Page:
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Born Mobile When Personas Go Wrong Qualcomm at CES 2013

Claire Carton, Contributor

I love vintage corporate marketing insanity. It’s easy to laugh at the naiveté and cheesiness of our marketing forebears—cynical as the Mad Men and Ed Bernays might have been, they were essentially pre-irony.  But at least their efforts were well-received and appropriate for their audiences at the time. Today’s companies may actually be more tone-deaf than their predecessors. Brands continually create and release branded content that’s embarrassing, condescending to their audience, and completely wrong all around. The Qualcomm debacle at CES made me cringe, because, you know, I felt pretty bad for all of them as I watched the thing. But, it also kind of caught my attention, because the it felt like they were trying (expensively failing, but trying) to use a tool we leverage in web usability and marketing all the time: the persona. If you’ve encountered personas before, you’ll know that they’re basically pretty grand generalizations—basically personified market research segments. They aren’t people; they are representations of demographics and behaviors we can observe, measure, and extrapolate from. Market research can be dry and hard to apply; personas ideally provide a bridge between data and people, allowing us to make decisions based on empirical evidence without losing sight of the other human beings on the other side of the conversation. Even the most effective user personas, taken literally (or brought to life) will be cartoonish or caricatures—that’s kind of the point. If personas are too specific, they can’t be used to make decisions about large audience segments; if they’re too broad, they’re just Excel spreadsheets. But most emphatically, they will no more approximate a human being than the median point on a chart. Unfortunately, Qualcomm (or its agency) didn’t get this, so they came up with the “Born Mobile” generation. Qualcomm Persona Disaster Though the keynote was immediately mocked through social media, it’s still not clear what Qualcomm was trying to accomplish or why they chose to execute this particular concept. Somehow I suspect that they fell in love with their personas—it might have happened during a meeting or brainstorming session; it might have been due to the brilliantly chosen photos or the layout of the persona characteristics; maybe the agency had employed a brilliant young intern with a creative writing background who imbued those target segments with such life and character they came alive for the team. (Don’t laugh, it could happen! In fact, I would like to think it does happen, with less disastrous results.) So, coming up against the deadline, the Qualcomm people thought “Hey, you know, isn’t Tornado 092 just so compelling? Let’s get HIM on stage. It should be our AUDIENCE telling the story, not US!” Which is kind of, technically true—it’s just that real people and real stories, even when performed by actors, are way different than market research data transformed into actionable insights.  When we try and turn our business into art of any kind—whether drama or ill-conceived music videos or paintings or Successories, we risk ridicule because we fundamentally misunderstand our audience. They are not interested in being recreated or reenacted; we only recreate and reenact them in order to understand what they want and think, and to deliver on the promise we make them. When we attempt instead to pretend we understand them beyond the limits of our product/customer relationship, we risk pandering, demeaning, and mocking our audience—and getting, rightfully, the same treatment in return. In short, personas are a way to gain insight—they are not, themselves, insightful. And this, I believe, was Qualcomm’s fundamental mistake. *Full disclosure: I worked for an agency at one time whose largest client was CES. I was not the account lead on the project, but I did attend several meetings with the client at a time when CES was at its peak. “Surreal” would be understating the experience. **Photo Credit, The Verve http://bit.ly/VUQCt4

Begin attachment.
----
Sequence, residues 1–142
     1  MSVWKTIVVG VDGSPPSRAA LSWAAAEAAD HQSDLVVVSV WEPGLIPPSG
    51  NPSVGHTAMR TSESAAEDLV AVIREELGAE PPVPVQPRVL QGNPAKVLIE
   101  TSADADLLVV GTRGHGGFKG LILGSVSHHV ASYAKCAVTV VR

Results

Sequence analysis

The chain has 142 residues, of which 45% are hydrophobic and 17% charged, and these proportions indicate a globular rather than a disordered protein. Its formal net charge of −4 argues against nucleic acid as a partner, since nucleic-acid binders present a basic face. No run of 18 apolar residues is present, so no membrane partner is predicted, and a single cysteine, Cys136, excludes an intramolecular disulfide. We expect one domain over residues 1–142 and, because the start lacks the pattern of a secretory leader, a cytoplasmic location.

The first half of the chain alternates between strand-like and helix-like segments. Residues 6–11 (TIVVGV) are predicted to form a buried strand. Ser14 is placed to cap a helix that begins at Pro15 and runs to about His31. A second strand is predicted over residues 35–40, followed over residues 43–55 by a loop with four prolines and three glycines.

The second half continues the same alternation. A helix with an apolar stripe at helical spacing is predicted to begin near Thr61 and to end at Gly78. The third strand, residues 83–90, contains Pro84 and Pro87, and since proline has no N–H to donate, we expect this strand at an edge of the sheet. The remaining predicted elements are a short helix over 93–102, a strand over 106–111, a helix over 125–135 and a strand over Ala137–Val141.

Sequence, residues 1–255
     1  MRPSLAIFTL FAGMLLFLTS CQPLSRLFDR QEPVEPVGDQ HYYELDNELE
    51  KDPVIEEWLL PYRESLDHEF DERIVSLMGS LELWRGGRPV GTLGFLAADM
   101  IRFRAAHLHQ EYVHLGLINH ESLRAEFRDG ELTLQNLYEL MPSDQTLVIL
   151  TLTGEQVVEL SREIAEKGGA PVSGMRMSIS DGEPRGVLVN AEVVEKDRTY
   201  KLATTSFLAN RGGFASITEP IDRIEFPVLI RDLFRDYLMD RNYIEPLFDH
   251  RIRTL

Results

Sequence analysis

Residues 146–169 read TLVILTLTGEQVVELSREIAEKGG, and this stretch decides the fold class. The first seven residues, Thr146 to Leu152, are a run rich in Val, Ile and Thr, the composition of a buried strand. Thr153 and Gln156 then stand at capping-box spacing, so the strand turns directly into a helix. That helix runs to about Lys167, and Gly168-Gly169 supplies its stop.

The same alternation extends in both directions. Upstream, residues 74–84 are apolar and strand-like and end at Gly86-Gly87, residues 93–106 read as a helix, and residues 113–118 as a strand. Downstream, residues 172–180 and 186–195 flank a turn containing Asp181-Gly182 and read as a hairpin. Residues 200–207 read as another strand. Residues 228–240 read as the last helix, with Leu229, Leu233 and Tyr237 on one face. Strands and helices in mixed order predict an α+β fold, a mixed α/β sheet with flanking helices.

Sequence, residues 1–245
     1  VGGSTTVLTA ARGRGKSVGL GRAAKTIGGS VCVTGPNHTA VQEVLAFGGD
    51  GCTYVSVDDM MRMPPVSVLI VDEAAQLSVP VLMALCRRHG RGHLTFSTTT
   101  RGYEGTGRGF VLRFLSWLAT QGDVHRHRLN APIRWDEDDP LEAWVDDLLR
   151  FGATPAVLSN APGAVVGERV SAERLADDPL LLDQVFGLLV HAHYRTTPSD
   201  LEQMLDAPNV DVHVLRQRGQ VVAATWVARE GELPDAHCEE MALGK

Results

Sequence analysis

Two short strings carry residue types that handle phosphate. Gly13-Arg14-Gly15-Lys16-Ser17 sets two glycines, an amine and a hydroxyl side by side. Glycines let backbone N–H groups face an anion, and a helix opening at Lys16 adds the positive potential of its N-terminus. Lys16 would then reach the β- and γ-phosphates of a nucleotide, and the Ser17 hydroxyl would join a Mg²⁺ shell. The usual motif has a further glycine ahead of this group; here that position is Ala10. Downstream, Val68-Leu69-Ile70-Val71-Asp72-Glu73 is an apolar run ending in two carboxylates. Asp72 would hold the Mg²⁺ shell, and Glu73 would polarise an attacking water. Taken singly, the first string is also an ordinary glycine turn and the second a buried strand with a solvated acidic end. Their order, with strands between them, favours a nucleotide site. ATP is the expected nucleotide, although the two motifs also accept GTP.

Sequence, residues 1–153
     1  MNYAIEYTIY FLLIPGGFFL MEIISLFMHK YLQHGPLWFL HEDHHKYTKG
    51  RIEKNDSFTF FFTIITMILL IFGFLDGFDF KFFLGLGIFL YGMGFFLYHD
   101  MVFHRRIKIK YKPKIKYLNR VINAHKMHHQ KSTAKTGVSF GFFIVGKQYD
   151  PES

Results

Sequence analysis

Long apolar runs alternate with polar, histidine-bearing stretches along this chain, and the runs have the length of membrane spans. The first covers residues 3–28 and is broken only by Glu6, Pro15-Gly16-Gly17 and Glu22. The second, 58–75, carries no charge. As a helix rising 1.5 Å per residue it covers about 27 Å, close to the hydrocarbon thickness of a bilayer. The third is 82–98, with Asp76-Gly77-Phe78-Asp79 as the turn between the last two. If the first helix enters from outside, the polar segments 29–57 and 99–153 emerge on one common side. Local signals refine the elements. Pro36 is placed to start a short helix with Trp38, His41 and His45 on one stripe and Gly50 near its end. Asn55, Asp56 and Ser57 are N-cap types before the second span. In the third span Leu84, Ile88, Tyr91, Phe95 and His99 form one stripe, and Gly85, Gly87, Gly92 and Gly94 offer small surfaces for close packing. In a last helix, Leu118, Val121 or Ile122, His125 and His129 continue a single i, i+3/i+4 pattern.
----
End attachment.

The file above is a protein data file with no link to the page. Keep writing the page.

Tim Cooke

About the author: Claire Carton

The R2i blog is a place for digital marketing and technology thought leaders to share their insights and perspective. We welcome contributions from experts in these areas and appreciate sharing fresh ideas, case studies, best practices, and innovations in online marketing. Interested in joining our esteemed group of guest bloggers? Send your ideas to marketing@r2integrated.com

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